Want to avoid becoming the victim of a phishing scam? It’s usually easy, because most scammers are too inept or too lazy to do a decent job of the deception. Case in point: I received an e-mail this week, purportedly from Adobe, announcing “a new version of PDF Reader/Writer.” (Even though it was Windows-only software, the general advice regarding phishing applies to Mac users as well.)
It took me all of about two seconds to determine that this was almost certainly a phishing expedition.
First of all, Adobe’s product is not called “PDF Reader/Writer,” it’s called “Adobe Reader” or “Adobe Acrobat.” Actually, the e-mail itself could not be entirely consistent about the name, also listing it as “Adobe PDF Reader- Writer.”
Second, the e-mail message was poorly formatted, including having adjacent duplicate redundant links. Adobe would never send out anything this messy.
Third, the return e-mail address was “email@example.com.” There is no way that Adobe would use a gmail.com address. The company has its own adobe.com domain.
Wanting to leave no room for doubt, I also did a quick search of the Web. A few sites cited the e-mail, confirming that it was a hoax. Most notably, Network World included a quote from Adobe, stating “Please be aware that these emails are phishing scams and have not been sent by Adobe or on Adobe’s behalf.”
Still, I was a bit curious as to what the scam was attempting to accomplish. It didn’t take too long to find out. While I don’t recommend trying this at home, I took the risk and clicked the e-mail’s URL. I was taken to a Web site describing the PDF Reader/Writer program, although it was curiously no longer cited as an Adobe product (yet another red flag). Undeterred, I clicked the “Download Now” button. The button’s name is a bit misleading. What it should have said was “Download only after you work through a series of screens where you give us your e-mail address and credit card number.” I obviously bailed at this point, so I never did find out if anything actually downloads at the end. (I doubt it.)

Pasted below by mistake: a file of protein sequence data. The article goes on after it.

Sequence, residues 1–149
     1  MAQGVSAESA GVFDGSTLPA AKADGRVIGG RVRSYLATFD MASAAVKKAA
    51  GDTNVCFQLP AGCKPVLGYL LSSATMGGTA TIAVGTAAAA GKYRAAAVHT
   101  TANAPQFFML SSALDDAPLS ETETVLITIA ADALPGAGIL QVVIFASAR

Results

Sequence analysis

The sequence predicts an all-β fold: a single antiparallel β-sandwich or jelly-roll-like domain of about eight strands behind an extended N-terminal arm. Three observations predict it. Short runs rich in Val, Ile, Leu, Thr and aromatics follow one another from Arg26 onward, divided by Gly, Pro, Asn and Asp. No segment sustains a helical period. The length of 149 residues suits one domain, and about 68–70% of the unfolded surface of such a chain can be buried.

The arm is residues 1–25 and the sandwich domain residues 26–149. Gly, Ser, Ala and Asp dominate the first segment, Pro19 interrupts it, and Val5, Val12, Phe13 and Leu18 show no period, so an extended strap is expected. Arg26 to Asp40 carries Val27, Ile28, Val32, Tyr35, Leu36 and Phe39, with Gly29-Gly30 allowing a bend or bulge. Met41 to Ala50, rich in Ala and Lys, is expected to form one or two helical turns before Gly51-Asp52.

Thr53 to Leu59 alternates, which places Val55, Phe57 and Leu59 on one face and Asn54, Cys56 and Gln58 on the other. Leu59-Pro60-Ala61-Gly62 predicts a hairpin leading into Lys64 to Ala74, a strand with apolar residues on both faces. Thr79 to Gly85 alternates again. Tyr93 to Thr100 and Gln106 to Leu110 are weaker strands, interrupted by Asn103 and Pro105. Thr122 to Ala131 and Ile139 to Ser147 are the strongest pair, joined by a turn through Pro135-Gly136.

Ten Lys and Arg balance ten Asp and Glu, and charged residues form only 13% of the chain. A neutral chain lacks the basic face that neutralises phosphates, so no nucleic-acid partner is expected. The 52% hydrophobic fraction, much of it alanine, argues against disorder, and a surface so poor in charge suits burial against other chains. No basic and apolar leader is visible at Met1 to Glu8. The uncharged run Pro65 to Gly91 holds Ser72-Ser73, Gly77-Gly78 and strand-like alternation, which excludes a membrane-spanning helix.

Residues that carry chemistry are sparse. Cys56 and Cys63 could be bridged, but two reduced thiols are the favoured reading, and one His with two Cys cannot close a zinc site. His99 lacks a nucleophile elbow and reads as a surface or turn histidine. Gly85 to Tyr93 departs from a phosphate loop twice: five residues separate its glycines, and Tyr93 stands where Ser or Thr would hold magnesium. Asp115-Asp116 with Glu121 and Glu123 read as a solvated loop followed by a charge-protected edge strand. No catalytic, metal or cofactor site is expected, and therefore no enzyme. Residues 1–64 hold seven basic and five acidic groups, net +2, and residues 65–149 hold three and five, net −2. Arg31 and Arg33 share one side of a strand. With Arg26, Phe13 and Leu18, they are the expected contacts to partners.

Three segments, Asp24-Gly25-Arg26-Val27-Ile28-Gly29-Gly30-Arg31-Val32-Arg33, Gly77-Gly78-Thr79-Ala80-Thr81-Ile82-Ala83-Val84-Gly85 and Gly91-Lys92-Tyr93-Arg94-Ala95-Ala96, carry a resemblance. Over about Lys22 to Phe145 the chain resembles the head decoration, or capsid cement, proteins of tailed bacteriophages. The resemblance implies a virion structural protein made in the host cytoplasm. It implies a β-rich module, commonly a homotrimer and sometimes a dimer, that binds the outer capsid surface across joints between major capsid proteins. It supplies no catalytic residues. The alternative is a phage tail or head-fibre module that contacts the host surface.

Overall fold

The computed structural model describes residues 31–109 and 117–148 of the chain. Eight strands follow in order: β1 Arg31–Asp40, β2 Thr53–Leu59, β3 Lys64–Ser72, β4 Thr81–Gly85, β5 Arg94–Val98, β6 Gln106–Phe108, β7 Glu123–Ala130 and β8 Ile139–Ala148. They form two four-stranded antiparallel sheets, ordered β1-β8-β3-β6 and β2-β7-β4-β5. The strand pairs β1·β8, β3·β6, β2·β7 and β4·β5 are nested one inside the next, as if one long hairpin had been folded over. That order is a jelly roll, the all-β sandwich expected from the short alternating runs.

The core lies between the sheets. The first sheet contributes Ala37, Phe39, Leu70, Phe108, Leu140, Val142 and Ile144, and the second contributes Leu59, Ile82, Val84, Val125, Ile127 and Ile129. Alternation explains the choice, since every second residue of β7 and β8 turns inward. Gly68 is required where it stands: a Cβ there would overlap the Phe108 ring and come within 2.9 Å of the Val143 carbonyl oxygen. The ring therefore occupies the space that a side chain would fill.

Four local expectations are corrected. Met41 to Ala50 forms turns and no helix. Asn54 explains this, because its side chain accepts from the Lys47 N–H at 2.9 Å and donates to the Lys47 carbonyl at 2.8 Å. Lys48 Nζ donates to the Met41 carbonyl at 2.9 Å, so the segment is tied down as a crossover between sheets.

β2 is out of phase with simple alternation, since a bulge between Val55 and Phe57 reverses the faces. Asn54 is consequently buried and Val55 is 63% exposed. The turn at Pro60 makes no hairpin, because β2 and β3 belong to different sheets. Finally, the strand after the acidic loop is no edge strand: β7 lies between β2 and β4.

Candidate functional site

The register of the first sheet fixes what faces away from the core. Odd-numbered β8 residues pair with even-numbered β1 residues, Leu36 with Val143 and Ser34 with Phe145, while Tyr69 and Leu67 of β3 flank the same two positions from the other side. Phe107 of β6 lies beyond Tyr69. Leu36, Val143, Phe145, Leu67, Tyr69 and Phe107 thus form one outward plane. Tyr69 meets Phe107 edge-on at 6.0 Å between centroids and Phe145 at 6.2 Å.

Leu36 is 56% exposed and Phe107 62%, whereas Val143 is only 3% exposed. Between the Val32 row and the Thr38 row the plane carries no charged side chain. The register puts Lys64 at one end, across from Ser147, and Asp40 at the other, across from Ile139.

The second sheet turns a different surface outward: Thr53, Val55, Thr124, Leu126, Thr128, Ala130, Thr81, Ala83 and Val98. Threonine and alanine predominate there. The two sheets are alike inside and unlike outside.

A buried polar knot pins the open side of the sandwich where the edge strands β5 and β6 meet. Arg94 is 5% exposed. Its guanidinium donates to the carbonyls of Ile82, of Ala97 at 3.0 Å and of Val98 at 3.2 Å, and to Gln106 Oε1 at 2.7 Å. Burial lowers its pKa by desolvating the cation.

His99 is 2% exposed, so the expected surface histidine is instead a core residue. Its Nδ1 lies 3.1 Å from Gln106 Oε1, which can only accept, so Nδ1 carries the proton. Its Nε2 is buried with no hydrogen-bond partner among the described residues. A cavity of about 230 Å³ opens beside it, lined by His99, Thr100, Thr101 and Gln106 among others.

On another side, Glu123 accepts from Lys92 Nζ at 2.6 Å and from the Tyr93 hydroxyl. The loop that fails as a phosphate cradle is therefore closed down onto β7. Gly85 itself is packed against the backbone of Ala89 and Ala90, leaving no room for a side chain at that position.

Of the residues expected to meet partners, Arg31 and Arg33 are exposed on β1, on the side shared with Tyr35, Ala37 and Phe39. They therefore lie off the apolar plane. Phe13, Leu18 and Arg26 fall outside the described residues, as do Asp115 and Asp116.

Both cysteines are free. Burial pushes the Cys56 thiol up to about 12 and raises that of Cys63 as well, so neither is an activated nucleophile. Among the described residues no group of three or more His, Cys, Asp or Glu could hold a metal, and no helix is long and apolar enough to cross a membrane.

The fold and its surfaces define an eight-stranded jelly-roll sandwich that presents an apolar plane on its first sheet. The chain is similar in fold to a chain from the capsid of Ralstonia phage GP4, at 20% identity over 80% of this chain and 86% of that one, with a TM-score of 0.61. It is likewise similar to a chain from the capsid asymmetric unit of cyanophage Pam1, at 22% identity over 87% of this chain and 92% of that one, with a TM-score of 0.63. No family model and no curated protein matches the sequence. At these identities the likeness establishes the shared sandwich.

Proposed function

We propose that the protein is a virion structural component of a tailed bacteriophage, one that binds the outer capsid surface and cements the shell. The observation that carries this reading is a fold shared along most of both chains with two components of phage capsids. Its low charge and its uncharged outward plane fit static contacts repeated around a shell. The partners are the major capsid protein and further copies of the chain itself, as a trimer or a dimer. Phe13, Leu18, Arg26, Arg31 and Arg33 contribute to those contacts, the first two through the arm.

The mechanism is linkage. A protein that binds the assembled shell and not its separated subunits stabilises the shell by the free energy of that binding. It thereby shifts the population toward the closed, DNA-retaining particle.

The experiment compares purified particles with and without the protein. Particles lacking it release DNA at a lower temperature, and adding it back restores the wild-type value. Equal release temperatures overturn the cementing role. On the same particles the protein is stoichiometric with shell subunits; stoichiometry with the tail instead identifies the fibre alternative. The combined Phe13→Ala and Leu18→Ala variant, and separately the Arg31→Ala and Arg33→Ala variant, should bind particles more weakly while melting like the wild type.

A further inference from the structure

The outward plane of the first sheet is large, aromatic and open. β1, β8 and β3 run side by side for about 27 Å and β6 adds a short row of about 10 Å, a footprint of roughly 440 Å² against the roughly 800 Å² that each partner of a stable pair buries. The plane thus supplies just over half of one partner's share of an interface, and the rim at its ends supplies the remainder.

Bottom line: If you receive any e-mail that includes a link, and the message appears at all suspicious, stop right there. Don’t do anything further without first searching the Web to see if it is a hoax. Regardless of what you find, if the e-mail is purportedly from an established company, go to its Web site via a known URL (such as www.adobe.com). From here, check if the product described in the e-mail actually exists. If you’ve enabled the “Warn when visiting a fraudulent website” option in Safari, this may also help identify a fraud. But it is not a guarantee; many fraudulent sites are not caught by Safari (including the one promising me that new version of Reader/Writer).
Fortunately, most phishing scams remain easy to detect. Just exercise a bit of caution and pay attention to the clues.
Ted Landau will be giving a session at Macworld Expo next month based on material that first appeared here in Bugs & Fixes. Come join us.